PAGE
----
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Investors look for low volatility in tricky markets


Adam Laird, head of ETF strategy, Northern Europe for Lyxor reports a sea change in investors’ use of smart beta ETFs in the last year. Lyxor currently manages around EUR3 billion in smart beta funds – just less than 5 per cent of its assets. Flows have been steady across 2018, with a sizable uptick in smart beta flows in Q3, along with rising market volatility – bringing Europe’s smart beta inflows over EUR4.6 billion.

“The most important thing is that this year has seen a real resurgence in interest for low volatility strategies,” Laird says. He believes that, because of the market environment, everyone is more concerned about risk to their portfolios going forward.

“We have had a decade now of very strong growth in the equity markets,” Lairds says. “Everything has been well protected but we have seen market dips in the US and a lot of investors are worried about the future – worried about protecting their assets.

“For a long time, everyone enjoyed the upside but there is a real recognition at the moment that good times can’t go on forever and that we need to be more cautious with our portfolios.”

Laird reports that caution is across the board with all types of ETF investors but that he has observed that it’s particularly true for wealth managers and private banks because individual investors are jumpy.

“The retail market has been forecasting the next crash for years, investors don’t like to lose. This presents a puzzle – do you stay invested and wait for the crash? Or move to cash and lose out on returns?” says Laird “There’s risks on both sides – nobody can time the markets”

The consequence is that Lyxor has seen an increase in demand for minimum volatility ETFs. The construction means that investors can retain 100 per cent of their investment in equities but at the same time the portfolios are constructed so that they are less volatile than a standard index.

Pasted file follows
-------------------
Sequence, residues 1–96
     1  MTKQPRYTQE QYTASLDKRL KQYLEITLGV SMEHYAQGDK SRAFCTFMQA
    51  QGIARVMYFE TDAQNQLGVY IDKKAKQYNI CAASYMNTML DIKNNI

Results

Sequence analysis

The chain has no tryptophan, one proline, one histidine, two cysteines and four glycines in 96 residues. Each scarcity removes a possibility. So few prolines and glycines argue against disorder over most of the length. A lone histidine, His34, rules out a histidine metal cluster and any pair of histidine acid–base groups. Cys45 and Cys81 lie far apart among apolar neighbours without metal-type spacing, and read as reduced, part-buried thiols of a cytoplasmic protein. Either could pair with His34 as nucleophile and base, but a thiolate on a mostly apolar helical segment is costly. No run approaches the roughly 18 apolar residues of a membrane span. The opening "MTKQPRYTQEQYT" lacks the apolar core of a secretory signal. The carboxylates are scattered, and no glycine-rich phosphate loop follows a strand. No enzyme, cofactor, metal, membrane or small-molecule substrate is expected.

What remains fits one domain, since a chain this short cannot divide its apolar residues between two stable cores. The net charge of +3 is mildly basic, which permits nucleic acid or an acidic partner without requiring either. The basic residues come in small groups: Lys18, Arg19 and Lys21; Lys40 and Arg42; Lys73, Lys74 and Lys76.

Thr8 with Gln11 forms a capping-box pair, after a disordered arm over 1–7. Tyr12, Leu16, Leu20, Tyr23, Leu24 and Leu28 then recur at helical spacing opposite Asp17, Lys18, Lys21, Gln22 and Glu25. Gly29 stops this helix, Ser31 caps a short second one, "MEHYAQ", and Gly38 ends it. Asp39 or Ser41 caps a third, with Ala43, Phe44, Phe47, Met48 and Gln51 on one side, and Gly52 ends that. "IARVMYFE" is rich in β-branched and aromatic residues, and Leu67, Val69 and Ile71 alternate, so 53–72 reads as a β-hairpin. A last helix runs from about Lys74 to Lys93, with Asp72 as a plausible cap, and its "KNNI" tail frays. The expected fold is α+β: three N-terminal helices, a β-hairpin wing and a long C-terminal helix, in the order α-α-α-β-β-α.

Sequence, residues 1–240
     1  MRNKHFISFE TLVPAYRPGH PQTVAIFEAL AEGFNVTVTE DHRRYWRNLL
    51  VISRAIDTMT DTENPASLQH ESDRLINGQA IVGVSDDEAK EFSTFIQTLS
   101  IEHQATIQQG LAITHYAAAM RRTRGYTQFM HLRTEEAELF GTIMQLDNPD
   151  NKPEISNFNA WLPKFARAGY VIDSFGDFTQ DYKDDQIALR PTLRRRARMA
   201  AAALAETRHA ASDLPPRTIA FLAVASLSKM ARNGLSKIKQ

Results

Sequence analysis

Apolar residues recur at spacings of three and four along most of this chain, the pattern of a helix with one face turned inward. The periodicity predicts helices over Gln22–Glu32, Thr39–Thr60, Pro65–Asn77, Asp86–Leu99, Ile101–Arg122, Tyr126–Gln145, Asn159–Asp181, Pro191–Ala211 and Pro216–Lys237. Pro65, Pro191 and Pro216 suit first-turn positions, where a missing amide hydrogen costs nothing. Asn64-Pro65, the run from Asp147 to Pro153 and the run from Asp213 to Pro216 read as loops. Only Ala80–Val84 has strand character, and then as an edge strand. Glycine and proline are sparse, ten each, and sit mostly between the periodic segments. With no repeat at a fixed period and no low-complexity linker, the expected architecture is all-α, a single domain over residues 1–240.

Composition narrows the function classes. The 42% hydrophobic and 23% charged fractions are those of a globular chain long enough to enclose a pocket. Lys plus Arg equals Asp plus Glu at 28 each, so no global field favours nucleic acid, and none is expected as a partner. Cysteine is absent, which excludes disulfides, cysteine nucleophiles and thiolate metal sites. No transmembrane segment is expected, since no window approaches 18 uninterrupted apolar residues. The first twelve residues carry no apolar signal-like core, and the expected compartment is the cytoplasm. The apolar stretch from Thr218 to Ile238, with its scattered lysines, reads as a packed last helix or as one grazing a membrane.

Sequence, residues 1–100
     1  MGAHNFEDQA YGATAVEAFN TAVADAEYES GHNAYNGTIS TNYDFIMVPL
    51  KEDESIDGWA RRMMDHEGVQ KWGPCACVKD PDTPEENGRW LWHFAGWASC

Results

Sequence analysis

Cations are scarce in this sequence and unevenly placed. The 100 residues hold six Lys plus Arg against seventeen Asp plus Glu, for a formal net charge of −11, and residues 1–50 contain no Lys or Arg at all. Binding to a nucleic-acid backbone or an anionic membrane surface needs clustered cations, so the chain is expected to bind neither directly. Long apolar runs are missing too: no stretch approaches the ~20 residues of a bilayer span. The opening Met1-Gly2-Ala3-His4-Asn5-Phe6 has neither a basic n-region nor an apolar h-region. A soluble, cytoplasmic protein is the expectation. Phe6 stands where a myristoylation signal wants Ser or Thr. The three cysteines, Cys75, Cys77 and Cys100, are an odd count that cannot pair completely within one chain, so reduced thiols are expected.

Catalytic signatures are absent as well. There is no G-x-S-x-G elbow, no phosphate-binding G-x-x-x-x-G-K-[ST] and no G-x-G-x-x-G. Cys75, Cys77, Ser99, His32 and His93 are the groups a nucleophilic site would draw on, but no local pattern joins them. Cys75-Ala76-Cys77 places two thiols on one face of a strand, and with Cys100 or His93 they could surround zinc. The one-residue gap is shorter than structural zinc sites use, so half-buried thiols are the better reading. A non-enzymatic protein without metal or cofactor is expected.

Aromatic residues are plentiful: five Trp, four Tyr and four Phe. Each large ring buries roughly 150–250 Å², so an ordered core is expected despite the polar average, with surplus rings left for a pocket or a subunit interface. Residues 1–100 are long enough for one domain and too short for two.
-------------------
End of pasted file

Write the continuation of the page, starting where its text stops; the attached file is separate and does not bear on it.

Laird says: “We have seen a lot more investment in those ETFs, particularly as these strategies now have a track record with many having been around for over five years so they have proven themselves in the smaller market downturns in the last 12 months.”

Lyxor’s US Equity Low Volatility ETF has been particularly popular. It is designed to take into account the overall risk in the portfolio and buy complementary shares so that while each individual company might be volatile the portfolio has offsets within it to overcome that. 

The example Laird gives it that the portfolio might offset oil price change by holding oil companies alongside car manufacturers. When the oil price is high and oil shares are going up this can offset the drop in the car manufacturers.

“The index does this mathematically – looking at correlation between share prices rather than individual company profiles.” Laird says. “The results show that this really works. In Q3, the Lyxor FTSE USA Minimum Variance ETF reduced risk by 16.9 per cent compared to the standard FTSE USA index.”

As a secondary consideration the index emphasises diversity. “Nobody wants to minimise volatility but end up with a super-concentrated portfolio. Spread your eggs amongst many baskets.” 

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